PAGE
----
Via Financial Times

“Be well-liked,” booms Wendell Pierce at the stalls in London’s Piccadilly Theatre. He is there playing Arthur Miller’s Willy Loman, the salesman explaining to his boys how to make it big. With swagger, a suitcase of merchandise in the back of a Chevy, a road map of New England and a bunch of good values, you can do anything — you can be the American dream.

I was sitting in the theatre a few weeks ago, absorbed in the drama of mid-century US commerce, the frailty of ego and failed dreams, when a rat of a thought crossed my mind: “Joy, you should add that recent thing you did to your LinkedIn profile — talk yourself up.” Hey, where did that come from? This show has had five-star reviews. Now is not the time to be thinking about self-aggrandisement on a business networking site.

But it hung around. Death of a Salesman might have been written in the 1940s, but it is a show for the age of LinkedIn. Loman is full of mantras made to be hashtagged: “#createpersonalinterest”, “#makeanimpression”. If the phrases “personal branding” and “business intelligence” had existed, they’d be in his lexicon. What he cannot discuss with his boys is failure. And on LinkedIn there’s no such thing.

If you don’t recall the play, the title will tell you this does not go well. In the margins, Loman’s wife queries his boasts about his $1,200 sales, whittles him down to the real number — $200 — and realises his commission will barely cover the repairs and repayments on the refrigerator and vacuum cleaner. Theirs is a hire-purchase life. The salesman’s oxygen is success. His wife, knowing he’s on the edge, worries that failure will mean self-administered monoxide from the Chevy’s exhaust.

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These days LinkedIn is full of futurists, optimists, connectivists, enthusiasts. It is an endless scroll around two main themes — “you could be doing better if only . . . ”, with tips on innovation and inspiration; and “look how well I’ve done”, accompanied by a photograph of someone on stage giving a speech or receiving an award, designed to make us envious. There’s no one in the margins saying, “Hey bud, I’ve just checked your company’s last balance sheet and things aren’t looking so good. Need any help?”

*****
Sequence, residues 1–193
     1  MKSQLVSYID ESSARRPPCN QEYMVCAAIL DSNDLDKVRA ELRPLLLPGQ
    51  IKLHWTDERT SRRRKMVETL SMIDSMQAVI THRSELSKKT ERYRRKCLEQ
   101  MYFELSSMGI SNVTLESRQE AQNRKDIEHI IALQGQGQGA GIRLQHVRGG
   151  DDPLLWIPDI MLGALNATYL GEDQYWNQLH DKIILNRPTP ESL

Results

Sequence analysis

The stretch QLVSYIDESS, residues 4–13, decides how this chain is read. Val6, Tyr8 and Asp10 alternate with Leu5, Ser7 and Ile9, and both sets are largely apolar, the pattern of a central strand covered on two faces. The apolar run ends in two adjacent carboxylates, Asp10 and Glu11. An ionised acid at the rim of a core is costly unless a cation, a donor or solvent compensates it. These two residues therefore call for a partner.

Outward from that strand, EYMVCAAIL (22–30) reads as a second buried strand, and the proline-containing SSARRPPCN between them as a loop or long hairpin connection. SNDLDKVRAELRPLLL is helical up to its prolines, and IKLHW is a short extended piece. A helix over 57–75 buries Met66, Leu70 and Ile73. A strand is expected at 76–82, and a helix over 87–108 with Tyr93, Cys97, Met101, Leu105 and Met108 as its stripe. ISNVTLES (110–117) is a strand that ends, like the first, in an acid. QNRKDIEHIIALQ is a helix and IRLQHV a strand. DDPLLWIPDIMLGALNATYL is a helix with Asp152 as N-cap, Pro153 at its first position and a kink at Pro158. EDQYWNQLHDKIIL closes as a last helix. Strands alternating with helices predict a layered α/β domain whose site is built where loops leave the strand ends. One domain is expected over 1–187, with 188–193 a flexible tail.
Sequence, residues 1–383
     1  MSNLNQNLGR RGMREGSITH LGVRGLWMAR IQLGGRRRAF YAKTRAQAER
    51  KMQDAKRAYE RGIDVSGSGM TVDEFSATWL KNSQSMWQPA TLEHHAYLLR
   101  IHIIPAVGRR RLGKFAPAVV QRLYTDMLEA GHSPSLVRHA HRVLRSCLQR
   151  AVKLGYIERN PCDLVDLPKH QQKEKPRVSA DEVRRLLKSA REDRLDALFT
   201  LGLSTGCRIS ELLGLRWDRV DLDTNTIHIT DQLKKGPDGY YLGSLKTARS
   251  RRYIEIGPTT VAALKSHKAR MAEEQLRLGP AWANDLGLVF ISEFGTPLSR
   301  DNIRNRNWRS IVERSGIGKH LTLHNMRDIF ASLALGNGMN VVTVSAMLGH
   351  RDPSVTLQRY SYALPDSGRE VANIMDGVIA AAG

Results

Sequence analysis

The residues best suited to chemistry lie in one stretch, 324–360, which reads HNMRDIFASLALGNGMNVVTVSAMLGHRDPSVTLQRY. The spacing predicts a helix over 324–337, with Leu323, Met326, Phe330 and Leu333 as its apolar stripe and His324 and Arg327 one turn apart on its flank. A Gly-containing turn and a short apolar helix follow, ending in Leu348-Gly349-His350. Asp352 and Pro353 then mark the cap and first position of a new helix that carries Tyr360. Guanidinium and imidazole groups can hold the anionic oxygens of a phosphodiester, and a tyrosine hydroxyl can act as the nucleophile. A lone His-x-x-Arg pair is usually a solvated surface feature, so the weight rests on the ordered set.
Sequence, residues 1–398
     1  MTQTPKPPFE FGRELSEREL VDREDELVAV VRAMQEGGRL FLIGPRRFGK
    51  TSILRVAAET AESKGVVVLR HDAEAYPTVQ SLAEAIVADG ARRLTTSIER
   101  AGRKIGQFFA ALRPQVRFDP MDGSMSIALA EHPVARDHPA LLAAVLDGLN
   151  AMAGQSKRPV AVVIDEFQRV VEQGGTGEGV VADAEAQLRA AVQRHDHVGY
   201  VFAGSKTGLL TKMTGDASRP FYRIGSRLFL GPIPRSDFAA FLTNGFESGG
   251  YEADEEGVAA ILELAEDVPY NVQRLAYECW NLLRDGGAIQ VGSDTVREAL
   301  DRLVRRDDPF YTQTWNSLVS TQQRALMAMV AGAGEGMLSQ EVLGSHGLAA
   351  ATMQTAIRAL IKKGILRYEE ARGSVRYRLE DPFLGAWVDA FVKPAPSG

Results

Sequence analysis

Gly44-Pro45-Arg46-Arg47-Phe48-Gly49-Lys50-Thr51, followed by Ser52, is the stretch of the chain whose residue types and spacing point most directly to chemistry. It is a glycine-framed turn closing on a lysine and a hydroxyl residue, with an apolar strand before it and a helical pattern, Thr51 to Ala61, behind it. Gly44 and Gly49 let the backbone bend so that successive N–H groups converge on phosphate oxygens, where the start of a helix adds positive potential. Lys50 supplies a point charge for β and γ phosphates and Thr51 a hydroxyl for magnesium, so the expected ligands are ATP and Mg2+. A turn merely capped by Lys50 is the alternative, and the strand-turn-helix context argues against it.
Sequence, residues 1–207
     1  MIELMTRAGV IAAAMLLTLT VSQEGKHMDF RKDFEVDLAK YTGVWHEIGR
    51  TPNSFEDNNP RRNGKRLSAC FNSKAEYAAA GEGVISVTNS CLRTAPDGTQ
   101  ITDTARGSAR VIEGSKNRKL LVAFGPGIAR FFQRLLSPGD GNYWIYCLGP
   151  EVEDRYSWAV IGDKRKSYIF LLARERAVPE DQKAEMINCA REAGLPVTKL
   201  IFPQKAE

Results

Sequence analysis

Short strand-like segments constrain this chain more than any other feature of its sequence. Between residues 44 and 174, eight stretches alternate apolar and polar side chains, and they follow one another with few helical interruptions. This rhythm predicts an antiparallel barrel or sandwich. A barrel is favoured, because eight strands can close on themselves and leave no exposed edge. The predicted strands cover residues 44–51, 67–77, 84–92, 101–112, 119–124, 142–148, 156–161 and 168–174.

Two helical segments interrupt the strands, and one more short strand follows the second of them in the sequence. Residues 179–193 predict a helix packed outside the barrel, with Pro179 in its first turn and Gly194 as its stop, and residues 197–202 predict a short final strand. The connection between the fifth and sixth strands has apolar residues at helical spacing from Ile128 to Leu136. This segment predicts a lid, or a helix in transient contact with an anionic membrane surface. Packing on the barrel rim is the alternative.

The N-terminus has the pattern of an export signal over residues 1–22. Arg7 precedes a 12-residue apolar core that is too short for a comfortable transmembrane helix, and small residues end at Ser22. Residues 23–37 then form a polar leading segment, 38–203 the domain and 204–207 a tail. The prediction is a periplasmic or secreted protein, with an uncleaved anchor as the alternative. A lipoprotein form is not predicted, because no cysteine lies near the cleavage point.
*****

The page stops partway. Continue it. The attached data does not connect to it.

Back home after the show, I searched “LinkedIn” and “Death of a Salesman” with half an idea that some business person might have opened up online to say they felt for Willy or felt like him. The first thing served up was LinkedIn’s own “content desk” writer asking the question: “Could social selling have saved Willy Loman?”

Answer? He need not have died, says the writer, if he’d used different selling techniques. He shouldn’t have relied on charm alone. One has to demonstrate expertise. The best social sellers “showcase their understanding of their products — and how they intersect with a particular customer’s pain points”. His loneliness on the road would be alleviated by joining online networks, and “if Willy Loman were willing to change his ways [LinkedIn’s Social Selling Index] would provide the ideal support for helping him to do so.”

So there you have it: had he just got LinkedIn, Miller needn’t have bothered to write the play and Marilyn might never have noticed him.

I suppose posts about 5am meditation and enhancing your pitch deck may be the way to become #well-liked. It may also be the way to a Willy Loman style-madness. Behind the big talk there must be lots of people worn down by long hours, stagnant sales, hidden anxiety about failure and with the added burden of having always to be buoyant on LinkedIn.

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I found another article on Willy Loman. Its writer identified his desire to die a great man of commerce as misguided. The thing Loman had really enjoyed and done well was building the stoop outside his house, and the porch and the cellar. “Had Willy followed his strengths and become a carpenter he would have been far more successful than being a mediocre salesman,” he wrote. In other words, Willy was destined to be a lesser mortal than these sales and management gods. It could have been “Life of a Handyman”.

There’s not much carpentry on LinkedIn but there are a few construction industry award ceremonies. Of course, if you choose this alternative life yourself, like Willy’s eldest son Biff, who wants to be a rancher, that’s fine. But to be told to pick up tools?

Willy Loman never wanted to be his father, who carved flutes and travelled in a wagon. Instead he admired the next step up: a distinguished salesman in velvet slippers who made his sales calls by telephone.

And here is the segregation of LinkedIn: success and failure can’t mix. If you can’t hack this space for the successful, go elsewhere. This particular post was written in 2017 by a man in “commercial, financial and portfolio management”, and I presume he set out with good intentions. But giving advice often boxes people in rather than liberating them.

It has been 70 years since the first performance of Death of a Salesman. That rat thought I had in the theatre has infested us all. Self-promotion and patronising advice are in, truth is out. So Miller’s tragedy about failure was itself a failure. We learnt nothing. Being #well-liked is what drives all online social networks. Not quite what Miller had in mind when he wrote the line.

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